Self-storage operators have great power when it comes to reclaiming their space from customers in lien. But this also comes with great responsibility. Consider the following advice to avoid a wrongful sale.

Murphy Klasing

March 26, 2022

7 Min Read

We’ve all heard the adage, “With great power comes great responsibility.” Heck, they even used it in a “Spiderman” movie. It’s simple, yet profound, and applies in numerous contexts—including self-storage lien sales.

Recently, an independent self-storage owner called me in a panic. He’d had two units in lien status, one right next to the other, and on auction day, the facility manager accidentally sold the wrong one. Of course they didn’t realize their mistake until three days later, when the owner of the sold unit paid her rent in full, only to find that “all her stuff was missing.”

The owner wanted to know what they should do. Luckily, I had just invented time travel, so we went back in time and fixed the entire mess! Actually, the owner attempted to reach the person who won the auction, but the items were already long gone. And sadly, those items had belonged to the tenant’s dead grandmother. They weren’t worth much in terms of money, but they were treasured because of the memories they carried. Of course, the sale wasn’t intentional or malicious, but the law has another word for it: negligent.

As a self-storage operator, you’ve been given a great power by your state legislature. Under the right circumstances, you can seize a tenant’s personal items, sell them at auction and collect the proceeds against rent owed to you. You have this power without the intervention of a court or a judge. While police must obtain warrants to even search a person’s home—and then they can only confiscate evidence, if there is any—you can grab and sell it all!

But with that power comes legal responsibility. That’s why, if a self-storage lien sale is handled incorrectly, a tenant may be able to obtain significant damages before a judge or jury. In fact, many states have laws that allow a tenant to receive not only damages, but possibly punitive or treble damages, which means the court could triple the amount of compensation awarded. The following guidance will help you avoid this fate.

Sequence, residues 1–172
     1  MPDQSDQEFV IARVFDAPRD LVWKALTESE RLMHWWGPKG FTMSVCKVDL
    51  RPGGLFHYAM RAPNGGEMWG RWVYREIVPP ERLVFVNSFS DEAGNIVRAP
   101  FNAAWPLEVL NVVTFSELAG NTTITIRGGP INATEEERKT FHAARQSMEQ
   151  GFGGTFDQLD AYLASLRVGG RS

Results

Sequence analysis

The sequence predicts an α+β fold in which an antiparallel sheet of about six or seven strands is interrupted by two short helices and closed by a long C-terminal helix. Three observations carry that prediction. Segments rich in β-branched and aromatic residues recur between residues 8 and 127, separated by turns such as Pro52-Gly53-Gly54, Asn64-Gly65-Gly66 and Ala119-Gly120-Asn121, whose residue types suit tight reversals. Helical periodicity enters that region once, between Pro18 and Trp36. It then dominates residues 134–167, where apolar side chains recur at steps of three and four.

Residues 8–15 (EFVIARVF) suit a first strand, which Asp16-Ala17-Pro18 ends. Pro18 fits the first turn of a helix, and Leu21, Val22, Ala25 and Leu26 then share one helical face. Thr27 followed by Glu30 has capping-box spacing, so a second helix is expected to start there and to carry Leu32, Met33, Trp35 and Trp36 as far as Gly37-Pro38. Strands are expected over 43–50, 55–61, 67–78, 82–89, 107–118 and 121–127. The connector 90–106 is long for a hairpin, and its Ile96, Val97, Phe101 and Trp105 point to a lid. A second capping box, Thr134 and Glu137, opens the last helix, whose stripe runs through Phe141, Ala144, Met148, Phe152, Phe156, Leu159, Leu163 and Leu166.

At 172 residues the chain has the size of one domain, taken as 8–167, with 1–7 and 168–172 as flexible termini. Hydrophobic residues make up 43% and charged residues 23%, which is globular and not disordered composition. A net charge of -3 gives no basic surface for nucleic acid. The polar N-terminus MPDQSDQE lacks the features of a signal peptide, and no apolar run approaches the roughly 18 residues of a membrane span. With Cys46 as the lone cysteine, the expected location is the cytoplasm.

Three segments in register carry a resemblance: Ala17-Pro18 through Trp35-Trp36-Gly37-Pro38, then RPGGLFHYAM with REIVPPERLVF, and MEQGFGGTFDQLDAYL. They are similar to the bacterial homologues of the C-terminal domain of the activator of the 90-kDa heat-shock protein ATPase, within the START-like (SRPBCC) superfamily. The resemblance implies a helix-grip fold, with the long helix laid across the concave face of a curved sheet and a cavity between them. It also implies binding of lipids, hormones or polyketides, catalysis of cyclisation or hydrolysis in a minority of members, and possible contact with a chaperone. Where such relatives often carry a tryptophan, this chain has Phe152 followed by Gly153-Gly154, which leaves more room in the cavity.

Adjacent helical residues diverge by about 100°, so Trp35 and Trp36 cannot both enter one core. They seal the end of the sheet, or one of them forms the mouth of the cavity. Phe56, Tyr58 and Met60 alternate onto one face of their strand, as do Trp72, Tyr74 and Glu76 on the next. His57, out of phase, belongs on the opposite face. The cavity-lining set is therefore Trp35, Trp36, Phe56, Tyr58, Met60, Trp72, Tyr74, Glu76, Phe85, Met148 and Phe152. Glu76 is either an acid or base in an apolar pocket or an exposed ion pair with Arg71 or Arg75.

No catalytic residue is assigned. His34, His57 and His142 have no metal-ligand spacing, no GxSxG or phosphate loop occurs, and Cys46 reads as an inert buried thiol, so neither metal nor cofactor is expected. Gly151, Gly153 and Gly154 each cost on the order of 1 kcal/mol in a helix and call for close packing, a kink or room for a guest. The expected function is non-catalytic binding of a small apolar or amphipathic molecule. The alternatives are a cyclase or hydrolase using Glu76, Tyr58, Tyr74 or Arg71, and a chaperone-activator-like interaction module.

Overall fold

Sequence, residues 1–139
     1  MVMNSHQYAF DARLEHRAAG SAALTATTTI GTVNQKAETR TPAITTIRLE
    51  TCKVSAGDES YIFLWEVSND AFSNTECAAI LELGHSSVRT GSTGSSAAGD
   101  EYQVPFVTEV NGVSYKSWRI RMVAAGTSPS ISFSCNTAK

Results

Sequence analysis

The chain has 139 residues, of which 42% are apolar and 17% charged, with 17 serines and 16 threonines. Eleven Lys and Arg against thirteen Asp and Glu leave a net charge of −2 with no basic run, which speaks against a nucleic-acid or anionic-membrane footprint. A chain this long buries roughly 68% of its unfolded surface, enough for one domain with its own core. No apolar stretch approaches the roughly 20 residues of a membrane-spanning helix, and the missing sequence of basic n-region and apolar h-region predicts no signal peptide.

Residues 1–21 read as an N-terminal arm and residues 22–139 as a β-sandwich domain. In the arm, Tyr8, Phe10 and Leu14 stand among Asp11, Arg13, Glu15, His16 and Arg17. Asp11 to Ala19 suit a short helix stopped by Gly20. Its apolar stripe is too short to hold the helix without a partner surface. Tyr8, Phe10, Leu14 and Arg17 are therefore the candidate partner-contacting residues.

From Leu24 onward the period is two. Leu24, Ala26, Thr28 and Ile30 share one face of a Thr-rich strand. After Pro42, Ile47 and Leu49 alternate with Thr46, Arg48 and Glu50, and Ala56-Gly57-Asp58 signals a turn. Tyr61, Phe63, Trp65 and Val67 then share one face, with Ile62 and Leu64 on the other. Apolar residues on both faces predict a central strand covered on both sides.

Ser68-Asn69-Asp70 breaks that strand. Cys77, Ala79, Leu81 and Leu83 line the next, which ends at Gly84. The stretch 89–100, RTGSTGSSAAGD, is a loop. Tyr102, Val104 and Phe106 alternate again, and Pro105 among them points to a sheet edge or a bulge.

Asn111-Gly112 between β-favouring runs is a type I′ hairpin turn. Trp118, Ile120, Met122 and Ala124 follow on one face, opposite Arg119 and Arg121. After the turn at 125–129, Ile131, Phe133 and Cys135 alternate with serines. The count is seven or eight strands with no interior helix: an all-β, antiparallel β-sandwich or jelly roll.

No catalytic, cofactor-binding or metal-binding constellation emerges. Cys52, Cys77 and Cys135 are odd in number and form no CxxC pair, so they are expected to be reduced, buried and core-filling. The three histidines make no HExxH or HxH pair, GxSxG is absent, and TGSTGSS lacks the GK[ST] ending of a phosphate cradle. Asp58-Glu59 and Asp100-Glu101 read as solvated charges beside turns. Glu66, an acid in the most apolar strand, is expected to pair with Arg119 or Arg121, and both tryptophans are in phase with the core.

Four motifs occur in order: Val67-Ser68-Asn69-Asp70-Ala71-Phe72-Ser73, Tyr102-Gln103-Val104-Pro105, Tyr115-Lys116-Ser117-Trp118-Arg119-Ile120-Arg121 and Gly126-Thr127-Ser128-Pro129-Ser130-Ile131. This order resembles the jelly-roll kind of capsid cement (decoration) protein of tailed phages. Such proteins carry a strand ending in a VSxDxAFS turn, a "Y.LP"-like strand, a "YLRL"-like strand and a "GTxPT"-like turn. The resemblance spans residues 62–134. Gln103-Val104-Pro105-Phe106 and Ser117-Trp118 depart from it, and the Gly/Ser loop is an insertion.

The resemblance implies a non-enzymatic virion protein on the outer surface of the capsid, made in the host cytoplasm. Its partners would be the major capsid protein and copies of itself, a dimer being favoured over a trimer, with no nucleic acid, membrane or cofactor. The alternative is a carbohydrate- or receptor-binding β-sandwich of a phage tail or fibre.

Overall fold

Know Your Statute and Have a Checklist

Every state has slightly different self-storage auction requirements. The number of days before sale, the method and frequency of publication, the contents of a notice letter, and the ability of a tenant to redeem property even on the day of the sale all vary. If you don’t have a solid grasp of the law or are even a bit unsure about how it should work, hire a lawyer to review the statutes and ask them to develop a lien-sale checklist for you.

This list should include each lien-sale requirement and the number of days before it’s triggered. Keep track of each event by writing in the date and initialing. If handled correctly, this method yields two benefits: You won’t miss anything, and you can be confident you’ve handled the process correctly; plus, it makes a great trial exhibit to show the jury you did everything “by the book.”

Don’t Cut Corners

To take advantage of this incredible legal privilege in self-storage, you must do it correctly. There’s no room for error. So, if you ever think to yourself, “This is not exactly right but seems close enough,” stop the lien-sale process.

Some states require that notice of the sale be sent to the tenant by Certified Mail. Bulk mail, email, regular mail and FedEx are all close but not exactly right. Follow the statute. Some states have specific requirements for the contents of the notice letter. Again, follow the statute. Some states require a signed lease agreement. If you don’t have one or lost it, go through the eviction process, not an auction. Any cut corner provides an opening for a tenant’s attorney to drive his truck right through to the damage award.

Go The Extra Mile